Catfish and the Bottlemen drop third album 'The Balance'

Courtesy Universal Island Records

Catfish and the Bottlemen stormed their way on to the alternative rock scene back in 2014 with the release of their debut album “The Balcony.” The album was a breath of fresh air as it brought back a traditional alt-rock feel, influenced by bands like The Killers.

In 2016, they released the even bigger and louder “The Ride.” A nice follow-up to an already wildly successful group. “The Ride” reestablished the Bottlemen as the loud and fast band the world had come to know and love.

Today, the band dropped their highly anticipated third album, “The Balance.”

The Welsh rockers have been releasing singles leading up to the album for a couple of months now. Kicking off the new era with “Longshot” and their most recent single, “Conversation.” Both tracks reflect the overall sound of the new album, and the band seems keen with sticking with the same sound they’ve had for the past five years.

Unfortunately, that’s not always a good thing.

“The Balance” is exactly what we have come to expect from the Bottlemen. And after a while, that sound gets boring. The band has three albums under their belt with five years of touring and releases behind them and they’re still releasing the same type of music they’ve been putting out since day one.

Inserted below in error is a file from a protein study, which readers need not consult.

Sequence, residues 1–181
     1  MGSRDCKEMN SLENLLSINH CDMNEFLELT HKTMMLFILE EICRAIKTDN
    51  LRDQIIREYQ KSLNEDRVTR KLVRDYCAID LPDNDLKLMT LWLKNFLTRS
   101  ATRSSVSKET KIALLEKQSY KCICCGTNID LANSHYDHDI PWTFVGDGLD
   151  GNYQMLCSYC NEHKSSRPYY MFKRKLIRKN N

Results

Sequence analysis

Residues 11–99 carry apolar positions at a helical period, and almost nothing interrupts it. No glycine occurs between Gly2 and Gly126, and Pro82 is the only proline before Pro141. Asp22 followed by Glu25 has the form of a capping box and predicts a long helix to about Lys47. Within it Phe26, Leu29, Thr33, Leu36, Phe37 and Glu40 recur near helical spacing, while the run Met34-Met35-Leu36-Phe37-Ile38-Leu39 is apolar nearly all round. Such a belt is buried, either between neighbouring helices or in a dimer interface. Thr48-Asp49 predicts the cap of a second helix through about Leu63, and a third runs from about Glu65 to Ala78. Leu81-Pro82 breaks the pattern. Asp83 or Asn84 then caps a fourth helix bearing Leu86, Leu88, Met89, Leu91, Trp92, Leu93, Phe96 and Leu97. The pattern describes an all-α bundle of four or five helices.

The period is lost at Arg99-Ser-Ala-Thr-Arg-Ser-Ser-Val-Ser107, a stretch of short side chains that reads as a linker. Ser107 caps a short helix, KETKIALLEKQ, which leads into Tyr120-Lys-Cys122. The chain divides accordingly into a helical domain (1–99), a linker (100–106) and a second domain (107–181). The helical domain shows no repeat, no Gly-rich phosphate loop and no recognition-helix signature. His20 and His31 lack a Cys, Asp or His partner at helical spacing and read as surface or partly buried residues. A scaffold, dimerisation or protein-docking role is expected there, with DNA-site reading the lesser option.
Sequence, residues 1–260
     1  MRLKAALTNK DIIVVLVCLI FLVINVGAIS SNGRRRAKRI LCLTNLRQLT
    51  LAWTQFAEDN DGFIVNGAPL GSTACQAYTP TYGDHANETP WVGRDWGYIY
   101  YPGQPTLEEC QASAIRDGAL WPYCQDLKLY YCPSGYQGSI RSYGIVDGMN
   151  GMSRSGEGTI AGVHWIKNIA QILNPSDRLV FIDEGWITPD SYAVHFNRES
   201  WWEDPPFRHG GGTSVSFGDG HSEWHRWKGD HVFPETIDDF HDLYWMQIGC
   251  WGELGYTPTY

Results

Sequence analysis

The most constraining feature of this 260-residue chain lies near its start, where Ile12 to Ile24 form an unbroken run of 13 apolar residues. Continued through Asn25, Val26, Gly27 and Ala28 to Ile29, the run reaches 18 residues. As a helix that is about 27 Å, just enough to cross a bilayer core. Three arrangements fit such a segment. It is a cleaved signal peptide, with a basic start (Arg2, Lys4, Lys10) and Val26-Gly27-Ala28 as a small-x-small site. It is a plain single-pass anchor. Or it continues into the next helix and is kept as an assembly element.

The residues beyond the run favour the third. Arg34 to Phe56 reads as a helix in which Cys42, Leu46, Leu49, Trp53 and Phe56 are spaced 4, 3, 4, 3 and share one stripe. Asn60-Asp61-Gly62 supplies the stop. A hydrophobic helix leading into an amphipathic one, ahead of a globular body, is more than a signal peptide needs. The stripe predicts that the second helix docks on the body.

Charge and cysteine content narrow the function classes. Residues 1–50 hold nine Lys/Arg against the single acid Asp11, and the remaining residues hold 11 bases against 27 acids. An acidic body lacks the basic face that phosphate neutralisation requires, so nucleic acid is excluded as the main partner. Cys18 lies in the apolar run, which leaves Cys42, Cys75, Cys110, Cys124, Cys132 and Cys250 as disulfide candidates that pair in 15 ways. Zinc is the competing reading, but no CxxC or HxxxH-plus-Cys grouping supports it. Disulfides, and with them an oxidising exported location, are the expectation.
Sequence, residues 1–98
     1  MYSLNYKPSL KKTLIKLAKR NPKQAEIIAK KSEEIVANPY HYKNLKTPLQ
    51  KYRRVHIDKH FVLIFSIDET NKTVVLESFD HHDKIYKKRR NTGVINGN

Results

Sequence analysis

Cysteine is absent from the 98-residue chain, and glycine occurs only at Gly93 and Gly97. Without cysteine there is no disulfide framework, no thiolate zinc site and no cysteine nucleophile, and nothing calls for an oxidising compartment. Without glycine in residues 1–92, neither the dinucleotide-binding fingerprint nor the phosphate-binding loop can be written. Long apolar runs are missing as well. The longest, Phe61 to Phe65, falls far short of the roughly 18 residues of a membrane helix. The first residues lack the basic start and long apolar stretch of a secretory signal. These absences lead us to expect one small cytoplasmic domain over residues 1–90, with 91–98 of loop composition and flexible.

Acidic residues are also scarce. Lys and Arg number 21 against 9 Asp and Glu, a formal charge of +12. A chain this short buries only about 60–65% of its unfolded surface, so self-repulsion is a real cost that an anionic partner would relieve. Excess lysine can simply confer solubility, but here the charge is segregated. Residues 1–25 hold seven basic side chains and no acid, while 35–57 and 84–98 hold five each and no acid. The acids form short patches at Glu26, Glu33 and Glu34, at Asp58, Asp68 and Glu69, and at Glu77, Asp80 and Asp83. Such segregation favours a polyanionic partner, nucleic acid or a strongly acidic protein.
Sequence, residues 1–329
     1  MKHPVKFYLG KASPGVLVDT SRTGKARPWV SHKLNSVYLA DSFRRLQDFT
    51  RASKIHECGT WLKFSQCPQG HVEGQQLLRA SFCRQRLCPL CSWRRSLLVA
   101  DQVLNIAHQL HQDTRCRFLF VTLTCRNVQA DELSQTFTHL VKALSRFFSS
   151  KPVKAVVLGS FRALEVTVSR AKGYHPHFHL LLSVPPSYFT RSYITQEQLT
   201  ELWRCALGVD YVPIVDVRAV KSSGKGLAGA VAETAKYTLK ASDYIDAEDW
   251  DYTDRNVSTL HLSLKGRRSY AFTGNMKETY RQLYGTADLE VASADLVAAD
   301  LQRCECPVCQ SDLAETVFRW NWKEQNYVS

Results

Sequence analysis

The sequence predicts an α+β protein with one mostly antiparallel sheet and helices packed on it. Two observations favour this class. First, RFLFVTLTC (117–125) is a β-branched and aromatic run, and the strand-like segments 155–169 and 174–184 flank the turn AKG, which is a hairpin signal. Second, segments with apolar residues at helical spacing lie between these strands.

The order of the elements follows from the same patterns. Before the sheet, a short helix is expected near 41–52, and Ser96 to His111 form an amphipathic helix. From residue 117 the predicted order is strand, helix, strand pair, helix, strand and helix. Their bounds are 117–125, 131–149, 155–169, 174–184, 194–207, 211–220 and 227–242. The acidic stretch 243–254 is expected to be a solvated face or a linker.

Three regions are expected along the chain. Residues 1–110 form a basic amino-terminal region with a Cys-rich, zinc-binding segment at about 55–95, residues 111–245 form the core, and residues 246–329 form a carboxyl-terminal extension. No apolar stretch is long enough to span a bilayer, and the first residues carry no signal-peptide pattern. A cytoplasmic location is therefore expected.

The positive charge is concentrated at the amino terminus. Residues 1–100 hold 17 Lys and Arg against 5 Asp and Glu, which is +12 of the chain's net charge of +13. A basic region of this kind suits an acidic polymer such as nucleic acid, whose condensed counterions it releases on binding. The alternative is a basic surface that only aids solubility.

That’s not to say that “The Balance” is a bad album. It’s just the same music that the Bottlemen have been putting out for years. There’s nothing innovative. Nothing new.

For lead singer Van McCann, that’s exactly what they want the band to do. He wants to stay inside this sound that he and his band have created. And “The Balance” has accomplished just that.

“Longshot” feels exactly the single “Twice” on their sophomore album. McCann’s distinct vocals get lost on the musically repetitive “Encore.” “Coincide” sounds messy and uncoordinated and just a carbon copy of another track off the album, “Sidetrack.”

The only new sound the Bottlemen had is the two-minute-long “Intermission” that comes in towards the end of the album. It’s a slow song, with only a strumming guitar echoing along with McCann’s voice. It’s slower than their normal sound and is sonically appealing.

“The Balance” closes with “Overlap.” Which ends abruptly, in the middle of a lyric and note. What was most likely supposed to be an interesting, attention-grabber just feels like an accidental upload.

For diehard Catfish and the Bottlemen fans, “The Balance” is exactly what they want to hear. But the lack of ambition and playing it safe has left this album on the boring side, with nothing fresh to offer in this new era, “The Balance” is just what you would expect to hear from the band. Nothing more, nothing less.

Stream “The Balance” here:

Article by Lindsey Lanham


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